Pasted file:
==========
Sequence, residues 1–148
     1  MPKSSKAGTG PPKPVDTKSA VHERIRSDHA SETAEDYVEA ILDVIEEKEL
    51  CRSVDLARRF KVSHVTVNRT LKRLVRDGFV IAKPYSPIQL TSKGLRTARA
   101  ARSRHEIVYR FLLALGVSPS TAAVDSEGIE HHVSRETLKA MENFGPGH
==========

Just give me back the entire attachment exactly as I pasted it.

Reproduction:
Sequence, residues 1–148
     1  MPKSSKAGTG PPKPVDTKSA VHERIRSDHA SETAEDYVEA ILDVIEEKEL
    51  CRSVDLARRF KVSHVTVNRT LKRLVRDGFV IAKPYSPIQL TSKGLRTARA
   101  ARSRHEIVYR FLLALGVSPS TAAVDSEGIE HHVSRETLKA MENFGPGH